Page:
Picture this, You’ve just finished an intense training session at the gym and you’re really not thinking about food, in fact, food is the last thing on your mind. You get in the car and start driving, by the time your halfway home your stomach is starting to growl and by the time you get to your front door you feel like you could literally eat anything in sight. In those precious post-workout moments, you could potentially undo that 500 calorie burn you just achieved from your workout by eating an entire 1000+ calorie pizza, or chocolates, or both..
So why does this happen?
Your body requires a certain amount of energy, in the form of calories from food and drink, to be able to function on a day to day basis. This energy allows us to do the simple but important human functions such as moving, keeping your heart beating and providing fuel for your brain and muscles.
The amount of energy your body requires every day is dependent on 3 main factors .Firstly, the largest part of the energy your body requires is dependent on your Basal Metabolic Rate (or metabolism) which is largely calculated by things such as your age, gender, body composition and ethnicity. The second factor that contributes to the amount of energy your body requires is dependant on your Physical Activity Level – people who are more physically active burn more energy and people who are more sedentary burn less. Lastly, and to a lesser extent compared to the other two factors, something called Diet Induced Thermogenesis which in simple terms means how much energy your body uses to break down certain foods.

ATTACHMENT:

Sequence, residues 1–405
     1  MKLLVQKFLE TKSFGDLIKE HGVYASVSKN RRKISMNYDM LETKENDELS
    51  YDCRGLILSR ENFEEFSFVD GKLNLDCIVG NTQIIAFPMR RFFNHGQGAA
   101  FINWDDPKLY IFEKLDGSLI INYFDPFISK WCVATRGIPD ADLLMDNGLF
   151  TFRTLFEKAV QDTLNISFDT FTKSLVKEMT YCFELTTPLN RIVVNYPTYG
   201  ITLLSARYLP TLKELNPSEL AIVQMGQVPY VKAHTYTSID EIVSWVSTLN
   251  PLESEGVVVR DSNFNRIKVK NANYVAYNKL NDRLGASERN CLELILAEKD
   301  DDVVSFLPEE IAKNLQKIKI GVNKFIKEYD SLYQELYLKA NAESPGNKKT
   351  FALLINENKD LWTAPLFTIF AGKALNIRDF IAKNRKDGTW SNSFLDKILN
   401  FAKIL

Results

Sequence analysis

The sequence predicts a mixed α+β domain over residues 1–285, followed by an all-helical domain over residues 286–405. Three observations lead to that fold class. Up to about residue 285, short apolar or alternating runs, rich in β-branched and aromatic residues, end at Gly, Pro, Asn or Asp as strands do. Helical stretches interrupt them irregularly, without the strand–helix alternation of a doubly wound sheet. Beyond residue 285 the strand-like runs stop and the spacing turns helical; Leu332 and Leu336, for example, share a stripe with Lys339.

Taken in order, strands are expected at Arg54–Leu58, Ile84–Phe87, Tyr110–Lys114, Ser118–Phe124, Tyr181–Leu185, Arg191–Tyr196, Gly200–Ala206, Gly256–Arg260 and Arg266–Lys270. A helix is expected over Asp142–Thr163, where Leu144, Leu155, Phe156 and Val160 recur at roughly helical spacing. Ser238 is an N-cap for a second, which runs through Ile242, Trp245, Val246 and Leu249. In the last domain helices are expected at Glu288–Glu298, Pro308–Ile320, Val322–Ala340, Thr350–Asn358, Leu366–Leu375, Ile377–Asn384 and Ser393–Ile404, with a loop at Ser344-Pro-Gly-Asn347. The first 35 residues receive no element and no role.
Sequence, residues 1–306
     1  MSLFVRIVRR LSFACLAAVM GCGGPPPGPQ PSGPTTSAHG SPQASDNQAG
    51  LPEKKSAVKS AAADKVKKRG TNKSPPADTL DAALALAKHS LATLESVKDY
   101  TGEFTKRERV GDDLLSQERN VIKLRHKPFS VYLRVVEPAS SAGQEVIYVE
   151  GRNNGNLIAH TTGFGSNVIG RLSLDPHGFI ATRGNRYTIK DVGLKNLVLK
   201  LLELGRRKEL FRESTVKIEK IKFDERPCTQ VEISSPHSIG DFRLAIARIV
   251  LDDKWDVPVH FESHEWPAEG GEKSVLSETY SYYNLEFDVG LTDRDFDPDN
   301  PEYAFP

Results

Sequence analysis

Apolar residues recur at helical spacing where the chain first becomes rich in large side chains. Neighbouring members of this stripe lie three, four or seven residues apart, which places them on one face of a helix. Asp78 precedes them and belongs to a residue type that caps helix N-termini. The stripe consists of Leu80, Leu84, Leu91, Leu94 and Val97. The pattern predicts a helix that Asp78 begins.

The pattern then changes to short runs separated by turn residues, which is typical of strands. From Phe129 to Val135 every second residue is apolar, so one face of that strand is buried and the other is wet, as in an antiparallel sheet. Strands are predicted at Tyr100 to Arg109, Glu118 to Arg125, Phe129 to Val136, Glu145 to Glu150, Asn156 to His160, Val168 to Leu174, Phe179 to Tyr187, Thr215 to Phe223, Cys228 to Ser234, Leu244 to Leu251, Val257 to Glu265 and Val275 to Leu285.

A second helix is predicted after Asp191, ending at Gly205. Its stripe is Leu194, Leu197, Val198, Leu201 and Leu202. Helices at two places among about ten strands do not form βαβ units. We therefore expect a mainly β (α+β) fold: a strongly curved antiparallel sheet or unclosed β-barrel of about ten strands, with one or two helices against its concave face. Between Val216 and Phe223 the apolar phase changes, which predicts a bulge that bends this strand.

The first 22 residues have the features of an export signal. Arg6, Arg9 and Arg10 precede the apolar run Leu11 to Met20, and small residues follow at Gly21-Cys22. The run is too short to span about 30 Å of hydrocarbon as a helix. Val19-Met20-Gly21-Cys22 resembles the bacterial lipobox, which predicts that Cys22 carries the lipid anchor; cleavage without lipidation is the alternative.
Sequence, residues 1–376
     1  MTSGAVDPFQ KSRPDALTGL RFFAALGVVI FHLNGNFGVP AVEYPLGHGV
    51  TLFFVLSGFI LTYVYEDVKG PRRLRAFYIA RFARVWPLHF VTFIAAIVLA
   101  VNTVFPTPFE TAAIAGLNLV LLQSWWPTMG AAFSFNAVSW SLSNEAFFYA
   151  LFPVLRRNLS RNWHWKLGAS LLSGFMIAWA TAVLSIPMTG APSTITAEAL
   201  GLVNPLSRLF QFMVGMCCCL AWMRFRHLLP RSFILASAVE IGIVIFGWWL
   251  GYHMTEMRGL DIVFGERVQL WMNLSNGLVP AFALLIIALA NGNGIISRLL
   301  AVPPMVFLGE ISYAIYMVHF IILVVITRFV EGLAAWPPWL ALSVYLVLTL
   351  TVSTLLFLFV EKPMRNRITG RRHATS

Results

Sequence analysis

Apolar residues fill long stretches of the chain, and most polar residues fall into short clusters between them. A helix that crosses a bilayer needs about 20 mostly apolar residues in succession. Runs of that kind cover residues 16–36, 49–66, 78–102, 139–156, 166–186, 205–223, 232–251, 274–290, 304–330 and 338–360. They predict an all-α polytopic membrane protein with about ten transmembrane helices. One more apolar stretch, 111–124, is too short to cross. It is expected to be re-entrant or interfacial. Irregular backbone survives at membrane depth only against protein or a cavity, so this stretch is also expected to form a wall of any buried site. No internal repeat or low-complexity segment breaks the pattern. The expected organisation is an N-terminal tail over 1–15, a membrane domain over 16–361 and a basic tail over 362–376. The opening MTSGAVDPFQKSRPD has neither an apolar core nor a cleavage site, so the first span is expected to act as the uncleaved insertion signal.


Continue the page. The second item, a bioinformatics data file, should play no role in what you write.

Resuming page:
When you finish a workout, especially an intense one, your body would have burnt a significant amount of energy (or calories), with cardio-based exercise burning the most. Your body doesn’t realise this at first, because of the way your nervous system works. When we are working out, our body is in “fight or flight mode” meaning, that all our blood is sent to our muscles and away from our stomach – allowing us to use our muscles most effectively. After working out, our body enters the “rest and digest mode” and our body sends the blood back into our digestive system, giving us those hunger pangs that are all to familiar.
What it all comes down to
At the end of the day, the combination of our body switching on the “rest and digest mode” as well as having a significant amount of energy lost from our workout, our body aims to replenish the lost energy – leaving us to be ravenously hungry.
For more ideas on how to prepare yourself for these hunger pangs see our article on Staying Focused on Your Goal – How to Combat Hunger